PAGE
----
I basically don’t wear jewelry except my wedding ring and sometimes a watch. The watch could be a very understated sports watch of the $20 kind or something a little nicer. I have a couple of bracelets, but I don’t wear them. They were more appropriate (maybe) when I was 30, than at my present age.
I wear two rather simple rings, one on each hand. But my necklace of a treble clef and an 8th note NEVER leaves my neck unless it breaks and I have to fix it or I take it off to clean it.
I only wear simple earrings for special occasions.
@DrWorm In a world of ubiquitous smartphones that have prominent clocks on them, watches are now mostly just jewelry with a minor bit of functionality. I would say smart watches and fitbits are not jewelry because generally they are neither attractive nor lacking in functionality. Wrist bound timekeeping devices though? Totally jewelry these days.
@DrWorm@infornography It’s only jewelry if it’s decorative.
Using your phone to check the time is common, but it’s also awkward and lame. It’s also impractical if you do things that actually get your hands dirty. You don’t want to be smearing mud or grease all over your phone.
I’d argue smart watches and fitbits are closer to being jewelry because they’re at least trendy.
But sure, if you’re buying much above a low-end watch it’s absolutely jewelry.
@DrWorm@infornography Disagree. If it provides any type of non-marriage related information benefit, it’s not jewelry. However, it does blur the lines a bit and can be both, but a watch cannot exclusively be jewelry because it provides you the wearer with information.
Disagree with your disagreement. Some women’s watches are so pointedly made useless for actually serving as a watch that the fact that one might be able to extract time-of-day data does not provide a level of utility sufficient to override the decorative-bracelet nature, particularly when the face bears the name of a manufacturer known more for bling than bang. I was gifted a couple of those at one point. I’m still looking for an appropriate person to gift them onward to.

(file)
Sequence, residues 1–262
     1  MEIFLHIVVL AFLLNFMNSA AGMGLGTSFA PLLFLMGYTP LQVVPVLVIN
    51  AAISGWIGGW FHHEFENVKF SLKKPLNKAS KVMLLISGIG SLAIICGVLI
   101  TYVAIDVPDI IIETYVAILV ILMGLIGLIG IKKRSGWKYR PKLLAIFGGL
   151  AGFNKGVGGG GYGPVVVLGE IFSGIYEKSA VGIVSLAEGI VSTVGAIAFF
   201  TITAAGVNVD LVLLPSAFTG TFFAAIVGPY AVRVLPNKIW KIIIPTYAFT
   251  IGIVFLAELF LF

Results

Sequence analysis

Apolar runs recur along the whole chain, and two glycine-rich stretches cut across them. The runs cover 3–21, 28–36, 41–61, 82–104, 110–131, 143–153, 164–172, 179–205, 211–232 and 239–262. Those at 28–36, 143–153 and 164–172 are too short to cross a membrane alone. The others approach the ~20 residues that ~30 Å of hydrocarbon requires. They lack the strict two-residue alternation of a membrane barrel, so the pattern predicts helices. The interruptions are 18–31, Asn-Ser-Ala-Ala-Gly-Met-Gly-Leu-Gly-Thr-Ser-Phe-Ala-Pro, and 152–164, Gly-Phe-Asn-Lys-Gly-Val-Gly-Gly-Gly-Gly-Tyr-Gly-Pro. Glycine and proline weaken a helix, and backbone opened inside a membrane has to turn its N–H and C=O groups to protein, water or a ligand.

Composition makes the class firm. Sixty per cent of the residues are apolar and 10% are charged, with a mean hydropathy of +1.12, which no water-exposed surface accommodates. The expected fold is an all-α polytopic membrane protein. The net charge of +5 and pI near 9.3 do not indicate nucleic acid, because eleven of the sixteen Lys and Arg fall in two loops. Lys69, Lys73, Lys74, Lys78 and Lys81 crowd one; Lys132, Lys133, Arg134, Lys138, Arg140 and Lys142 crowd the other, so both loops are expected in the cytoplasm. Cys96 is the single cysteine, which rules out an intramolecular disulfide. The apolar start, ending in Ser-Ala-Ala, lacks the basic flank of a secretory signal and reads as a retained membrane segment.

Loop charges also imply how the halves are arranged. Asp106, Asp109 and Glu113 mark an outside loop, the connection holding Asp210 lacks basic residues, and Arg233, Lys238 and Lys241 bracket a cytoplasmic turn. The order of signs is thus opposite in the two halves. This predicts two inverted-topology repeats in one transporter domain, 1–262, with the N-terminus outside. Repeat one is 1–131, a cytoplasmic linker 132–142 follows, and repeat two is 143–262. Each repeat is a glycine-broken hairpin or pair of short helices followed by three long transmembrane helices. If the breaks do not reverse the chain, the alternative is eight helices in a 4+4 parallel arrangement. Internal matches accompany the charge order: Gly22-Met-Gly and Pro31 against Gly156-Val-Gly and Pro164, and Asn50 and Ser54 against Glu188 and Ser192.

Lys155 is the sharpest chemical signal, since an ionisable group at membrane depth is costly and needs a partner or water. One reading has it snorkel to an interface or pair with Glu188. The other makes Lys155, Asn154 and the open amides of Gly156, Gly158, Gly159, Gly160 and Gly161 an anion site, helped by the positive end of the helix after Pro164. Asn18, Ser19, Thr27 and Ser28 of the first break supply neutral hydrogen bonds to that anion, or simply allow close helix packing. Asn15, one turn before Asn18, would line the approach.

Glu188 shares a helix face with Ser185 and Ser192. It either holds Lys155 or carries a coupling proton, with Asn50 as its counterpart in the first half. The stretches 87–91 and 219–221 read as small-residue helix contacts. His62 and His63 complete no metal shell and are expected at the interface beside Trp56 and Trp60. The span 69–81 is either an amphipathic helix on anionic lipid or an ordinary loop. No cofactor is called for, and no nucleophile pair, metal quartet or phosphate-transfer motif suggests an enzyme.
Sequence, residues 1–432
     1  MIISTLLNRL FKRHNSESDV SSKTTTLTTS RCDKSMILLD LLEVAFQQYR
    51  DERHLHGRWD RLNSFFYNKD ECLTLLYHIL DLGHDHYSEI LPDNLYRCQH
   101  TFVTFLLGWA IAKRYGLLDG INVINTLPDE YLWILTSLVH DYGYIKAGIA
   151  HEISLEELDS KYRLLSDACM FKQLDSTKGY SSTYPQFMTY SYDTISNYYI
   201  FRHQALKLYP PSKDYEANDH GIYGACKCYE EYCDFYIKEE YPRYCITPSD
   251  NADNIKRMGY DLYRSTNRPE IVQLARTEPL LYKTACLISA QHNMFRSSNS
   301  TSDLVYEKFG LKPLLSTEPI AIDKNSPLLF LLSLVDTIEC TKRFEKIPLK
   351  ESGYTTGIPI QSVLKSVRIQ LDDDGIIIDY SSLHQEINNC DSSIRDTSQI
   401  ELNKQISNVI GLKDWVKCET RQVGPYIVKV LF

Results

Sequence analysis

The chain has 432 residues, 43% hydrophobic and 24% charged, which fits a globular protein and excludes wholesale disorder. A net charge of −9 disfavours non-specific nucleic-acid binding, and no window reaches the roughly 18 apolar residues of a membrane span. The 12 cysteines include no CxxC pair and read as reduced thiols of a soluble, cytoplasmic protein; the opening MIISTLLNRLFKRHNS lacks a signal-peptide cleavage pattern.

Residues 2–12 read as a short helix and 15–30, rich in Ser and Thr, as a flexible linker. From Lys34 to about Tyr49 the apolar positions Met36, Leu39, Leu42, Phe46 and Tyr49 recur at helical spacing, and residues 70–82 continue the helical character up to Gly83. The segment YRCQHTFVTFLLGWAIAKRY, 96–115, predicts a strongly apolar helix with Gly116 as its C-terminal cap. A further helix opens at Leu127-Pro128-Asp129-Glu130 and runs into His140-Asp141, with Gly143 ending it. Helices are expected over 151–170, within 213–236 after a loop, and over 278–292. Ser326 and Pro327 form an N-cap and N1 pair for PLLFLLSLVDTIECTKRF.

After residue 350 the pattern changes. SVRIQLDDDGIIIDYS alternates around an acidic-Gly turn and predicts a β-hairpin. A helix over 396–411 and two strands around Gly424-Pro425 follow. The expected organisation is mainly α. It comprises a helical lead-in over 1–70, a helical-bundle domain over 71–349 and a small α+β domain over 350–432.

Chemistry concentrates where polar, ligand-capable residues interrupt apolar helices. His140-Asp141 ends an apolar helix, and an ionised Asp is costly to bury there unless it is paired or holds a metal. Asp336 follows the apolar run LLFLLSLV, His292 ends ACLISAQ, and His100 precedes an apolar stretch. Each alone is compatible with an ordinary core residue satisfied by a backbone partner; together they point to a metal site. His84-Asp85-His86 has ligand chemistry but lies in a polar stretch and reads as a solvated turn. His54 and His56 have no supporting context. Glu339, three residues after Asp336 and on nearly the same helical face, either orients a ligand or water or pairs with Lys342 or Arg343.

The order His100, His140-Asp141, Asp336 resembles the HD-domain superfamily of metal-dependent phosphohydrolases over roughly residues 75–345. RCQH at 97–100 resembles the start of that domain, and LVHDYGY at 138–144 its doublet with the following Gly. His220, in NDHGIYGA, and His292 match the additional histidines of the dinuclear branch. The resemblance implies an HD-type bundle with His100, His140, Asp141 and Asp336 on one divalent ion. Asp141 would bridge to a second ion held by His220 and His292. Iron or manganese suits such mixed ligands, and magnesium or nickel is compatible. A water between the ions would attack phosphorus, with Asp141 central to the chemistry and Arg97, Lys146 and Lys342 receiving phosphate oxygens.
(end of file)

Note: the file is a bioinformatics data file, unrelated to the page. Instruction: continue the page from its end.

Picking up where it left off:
I would argue that regardless of who’s wearing it, a Rolex is always jewelry because their movements are so fecking fragile. One hard bump, and it needs a jeweler to get it working again. One buys a Rolex as a status symbol, not an actual timepiece (if you actually want to be able to know what time it is, anyway); one buys almost anything else if one wants to be able to reliably use it for timekeeping.
@werehatrack Disagree with the disagreement of the disagreement. Just because a movie sucks, it doesn’t cease to be a movie. Likewise a watch does not cease to provide, or attempt to, information. You’re also using the exception or less frequent condition to dictate the overall categorization.
cheap and/or functional? Maybe I would consider jewelry that was geeky, like something clearly from a fictional universe that I enjoy. Then it serves the function of advertising my interest in that world. Still wouldn’t spend terribly much on it though.
I have no interest in jewelry for purely decoration.
As I noted in another reply, I am of the opinion that a Rolex is always jewelry. The damn things are so fucking unreliable and so easily rendered inoperable by a minor bump that nobody in their right mind is going to buy one in order to be able to know what time it is. Why spend $2,500 on a Rolex when a $25 Casio will do the job better? Only one reason, status. And that makes it jewelry.
@earl_danger@werehatrack Interesting. I rarely bother to wear a watch these days, but my 40±year-old, unadorned, stainless steel Rolex is still going and is still reliable, even though it regularly got banged around on Army deployments and dropped in odd places. It has been in the shop twice to be cleaned and serviced and had one cracked crystal replaced. I bought it long ago at a factory outlet in Bern, Switzerland, and no one would ever look at it and call it jewelry. The interesting thing is that its market value is now over four times what I paid for it originally. Even figuring in inflation, that’s not bad.
Rolex makes a utilitarian watch that’s reliable. And that’s the one you’ve got. It has nothing fancy about it. But the ones that they sell for the premium prices, the ones with precious metals and or things like small gems in the dial or bezel, are jewelry. And the movements inside are not the same kind. I have several friends who have been bitten by this particular peculiarity, and one of them even went to the relatively minor expense of having his Swiss Rolex guts replaced with cheap Chinese imitations, and those were pretty much bulletproof.
Situational. My everyday stuff is understated and small. But I own and wear various other types of jewellery for occasions or outfits that call for it.
I’d be upset to receive today’s bracelet, though, as that would force me to wear it and it is not my style at all.
Gold. Because I’m allergic to silver. And simple, like stud earrings, solitaire necklace, etc. My husband still buys ugly ass stuff because he clearly doesn’t pay attention to my likes or listen. I’ve had to say multiple times that I don’t like heart shaped jewelry and no any red stone is not my birthstone. It’s been a few years, so maybe he finally listened, idk.